I was reminded on the way home from Cowboy's tonight of how I used to ride the bus when I was younger. I missed the bus a lot.
As I drove past the bus stop in Cowboy's neighborhood, I pondered the idea that the local kids probably get a ride to the stop. Each morning, as with some of my bus mates, their parents wait with them, cars running, heater on, in time for the school bus in the morning.
For us, a car ride to the bus stop was a rare and special treat usually provided by the next door neighbor. More often then not, we ran to catch the bus that would take us the approximately 8 miles to school. (it sure seemed further than that) On cold days, my still wet hair would freeze a bit and I constantly had shin splints from running down hill in cheap shoes. There were many times that I missed the bus and my parents never knew. A neighbor would take me in to town. There were many times when I had to slink back up the hill, a good half mile or so and explain that I didn't make it. Again. There was nothing like the horrible feeling when I would watch the bus drive away. No amount of waving would get the driver to stop on those days. Later, she would admit, she thought it was funny. She could see us in the rearview mirror. Missing the bus meant big trouble for me. You would think I would have learned to be punctual.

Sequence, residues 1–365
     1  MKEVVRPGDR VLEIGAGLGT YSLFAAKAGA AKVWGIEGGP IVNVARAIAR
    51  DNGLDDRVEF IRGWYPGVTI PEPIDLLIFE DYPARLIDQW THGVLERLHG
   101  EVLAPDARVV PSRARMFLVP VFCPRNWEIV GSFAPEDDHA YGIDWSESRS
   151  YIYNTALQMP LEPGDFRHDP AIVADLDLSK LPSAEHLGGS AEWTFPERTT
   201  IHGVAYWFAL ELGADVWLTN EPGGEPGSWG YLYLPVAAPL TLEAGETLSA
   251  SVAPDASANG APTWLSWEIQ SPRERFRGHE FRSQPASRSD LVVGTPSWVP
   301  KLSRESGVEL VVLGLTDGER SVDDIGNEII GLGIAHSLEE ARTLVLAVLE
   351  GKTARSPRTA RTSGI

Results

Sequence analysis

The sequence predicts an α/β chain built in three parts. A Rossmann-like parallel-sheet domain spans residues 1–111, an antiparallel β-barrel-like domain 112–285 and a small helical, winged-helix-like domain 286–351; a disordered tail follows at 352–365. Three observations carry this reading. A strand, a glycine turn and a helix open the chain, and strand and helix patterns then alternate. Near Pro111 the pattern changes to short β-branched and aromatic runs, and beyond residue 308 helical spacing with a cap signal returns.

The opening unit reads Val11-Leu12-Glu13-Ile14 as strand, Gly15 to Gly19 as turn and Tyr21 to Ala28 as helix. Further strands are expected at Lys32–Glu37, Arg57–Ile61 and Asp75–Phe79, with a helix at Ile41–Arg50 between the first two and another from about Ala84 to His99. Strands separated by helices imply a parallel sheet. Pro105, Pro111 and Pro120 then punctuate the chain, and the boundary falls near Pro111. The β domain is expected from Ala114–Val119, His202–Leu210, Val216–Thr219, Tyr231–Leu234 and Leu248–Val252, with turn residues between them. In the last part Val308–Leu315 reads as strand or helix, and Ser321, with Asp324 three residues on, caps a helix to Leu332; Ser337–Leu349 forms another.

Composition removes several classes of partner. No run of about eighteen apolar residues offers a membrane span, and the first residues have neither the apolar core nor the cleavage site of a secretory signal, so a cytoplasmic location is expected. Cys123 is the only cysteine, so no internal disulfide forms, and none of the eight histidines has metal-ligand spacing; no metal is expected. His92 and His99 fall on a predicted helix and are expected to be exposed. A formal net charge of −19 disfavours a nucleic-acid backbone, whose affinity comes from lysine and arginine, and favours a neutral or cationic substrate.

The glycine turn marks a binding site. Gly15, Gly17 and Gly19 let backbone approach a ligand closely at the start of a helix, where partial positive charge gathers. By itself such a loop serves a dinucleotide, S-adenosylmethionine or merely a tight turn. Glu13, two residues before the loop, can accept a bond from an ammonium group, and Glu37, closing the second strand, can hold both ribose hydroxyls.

The first time it happened, I thought I could walk to school. We had just moved to the country from the city and I had no idea just how long it would take to walk, I just knew that I had to get there. At 12, it didn't occur to me that I shouldn't walk up a long windy road without sidewalks. I was still within sight of the bus stop when a car pulled over.
"I'm Kelly's Dad" he said, as he offered me a ride. I got in. A bit down the road I realized that I had a lot more to be worried about than the wrath of my parents. (at the time, it was about equal, actually) I prayed that nothing bad would happen. When I got out safely at my school, I worried that someone would find out.
I remember telling a friend. I didn't have many. I don't know who told my sister or cousin (I don't remember which found out first) I don't remember the punishment even though I sure there was one. I never took another ride to school with a stranger.